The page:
August 26, 2014
Lecture: Ivan Sutherland, "Computers Yet to Come"
Tuesday, 7:30 p.m., Vollum lecture hall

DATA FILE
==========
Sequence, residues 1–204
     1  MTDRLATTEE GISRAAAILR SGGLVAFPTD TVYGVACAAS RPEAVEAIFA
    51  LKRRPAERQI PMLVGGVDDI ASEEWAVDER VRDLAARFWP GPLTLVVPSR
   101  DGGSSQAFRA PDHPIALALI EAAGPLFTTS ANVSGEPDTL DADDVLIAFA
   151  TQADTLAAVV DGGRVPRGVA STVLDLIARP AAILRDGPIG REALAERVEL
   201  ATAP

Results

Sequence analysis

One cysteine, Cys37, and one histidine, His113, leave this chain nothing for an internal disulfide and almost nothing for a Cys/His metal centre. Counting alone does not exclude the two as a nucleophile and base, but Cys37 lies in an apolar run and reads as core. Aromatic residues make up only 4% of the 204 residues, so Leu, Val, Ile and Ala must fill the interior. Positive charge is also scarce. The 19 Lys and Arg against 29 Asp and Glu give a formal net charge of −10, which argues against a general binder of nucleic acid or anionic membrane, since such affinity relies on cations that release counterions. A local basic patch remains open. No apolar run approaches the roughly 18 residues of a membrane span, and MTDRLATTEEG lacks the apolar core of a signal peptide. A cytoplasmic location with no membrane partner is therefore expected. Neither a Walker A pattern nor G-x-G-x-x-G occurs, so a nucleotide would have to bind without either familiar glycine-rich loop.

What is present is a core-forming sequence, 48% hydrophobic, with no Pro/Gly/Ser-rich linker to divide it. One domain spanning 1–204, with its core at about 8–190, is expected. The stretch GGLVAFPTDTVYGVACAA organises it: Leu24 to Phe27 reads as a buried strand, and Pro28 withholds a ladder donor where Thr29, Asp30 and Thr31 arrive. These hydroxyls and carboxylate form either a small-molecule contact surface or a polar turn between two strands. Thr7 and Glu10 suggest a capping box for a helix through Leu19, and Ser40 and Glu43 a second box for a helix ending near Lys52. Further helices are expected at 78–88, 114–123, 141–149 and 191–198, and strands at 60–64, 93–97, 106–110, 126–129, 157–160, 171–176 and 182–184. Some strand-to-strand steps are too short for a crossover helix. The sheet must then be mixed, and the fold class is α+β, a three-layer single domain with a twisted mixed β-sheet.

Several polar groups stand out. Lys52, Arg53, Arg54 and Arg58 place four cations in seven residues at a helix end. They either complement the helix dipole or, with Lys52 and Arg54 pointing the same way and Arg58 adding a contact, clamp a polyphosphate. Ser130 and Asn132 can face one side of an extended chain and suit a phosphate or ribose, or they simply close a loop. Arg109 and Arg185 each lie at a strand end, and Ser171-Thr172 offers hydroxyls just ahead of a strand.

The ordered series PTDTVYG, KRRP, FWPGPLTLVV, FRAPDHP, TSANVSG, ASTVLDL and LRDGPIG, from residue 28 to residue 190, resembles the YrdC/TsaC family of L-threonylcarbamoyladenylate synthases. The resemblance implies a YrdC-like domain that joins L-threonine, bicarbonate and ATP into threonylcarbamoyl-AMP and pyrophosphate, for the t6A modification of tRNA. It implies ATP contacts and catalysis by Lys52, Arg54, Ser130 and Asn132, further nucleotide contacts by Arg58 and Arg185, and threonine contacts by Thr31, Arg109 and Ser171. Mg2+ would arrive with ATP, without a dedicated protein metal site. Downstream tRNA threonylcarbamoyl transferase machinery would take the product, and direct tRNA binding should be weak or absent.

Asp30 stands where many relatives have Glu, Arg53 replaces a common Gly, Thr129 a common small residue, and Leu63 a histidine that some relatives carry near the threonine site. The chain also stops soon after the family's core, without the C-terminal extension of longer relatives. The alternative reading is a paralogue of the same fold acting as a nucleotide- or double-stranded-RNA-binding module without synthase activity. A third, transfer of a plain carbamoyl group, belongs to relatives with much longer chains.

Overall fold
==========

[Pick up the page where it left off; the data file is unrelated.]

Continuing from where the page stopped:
Ivan Sutherland, visiting scientist at the Asynchronous Research Center, Maseeh College of Engineering and Computer Science, Portland State University, will briefly review his history in computer graphics—a history that spans five decades—and will offer ideas about the structure of computers for the near future. Many of today's computers already have special purpose hardware for graphics and for scientific computations. Sutherland suggests that an increasing number of such special-purpose computing devices will be necessary to augment the power efficiency of future computers. What might such devices do? Sutherland will speculates about two special-purpose devices that might prove useful. This talk will also touch upon his current work on self-timed systems that offer more flexible timing than currently available. More flexible timing is necessary because today's logic is so fast that it outstrips the speed of communication both on chip and between chips. Sutherland is a member of both the National Academy of Sciences and the National Academy of Engineering. He holds the 1988 Turing Award and the 2012 Kyoto Prize. He has made contributions to computer graphics, to robotics, and to the design of integrated circuits. Sutherland is the recipient of the 2014 Howard Vollum Award for Distinguished Accomplishment in Science and Technology. The Vollum Award was created by Reed College in 1975 as a tribute to the late C. Howard Vollum, a graduate of the class of 1936, a Reed trustee, and a lifelong friend of the college. Originally suggested by the science faculty of Reed College, the award is intended to recognize and celebrate the exceptional achievement of a member of the scientific and technical community of the Pacific Northwest.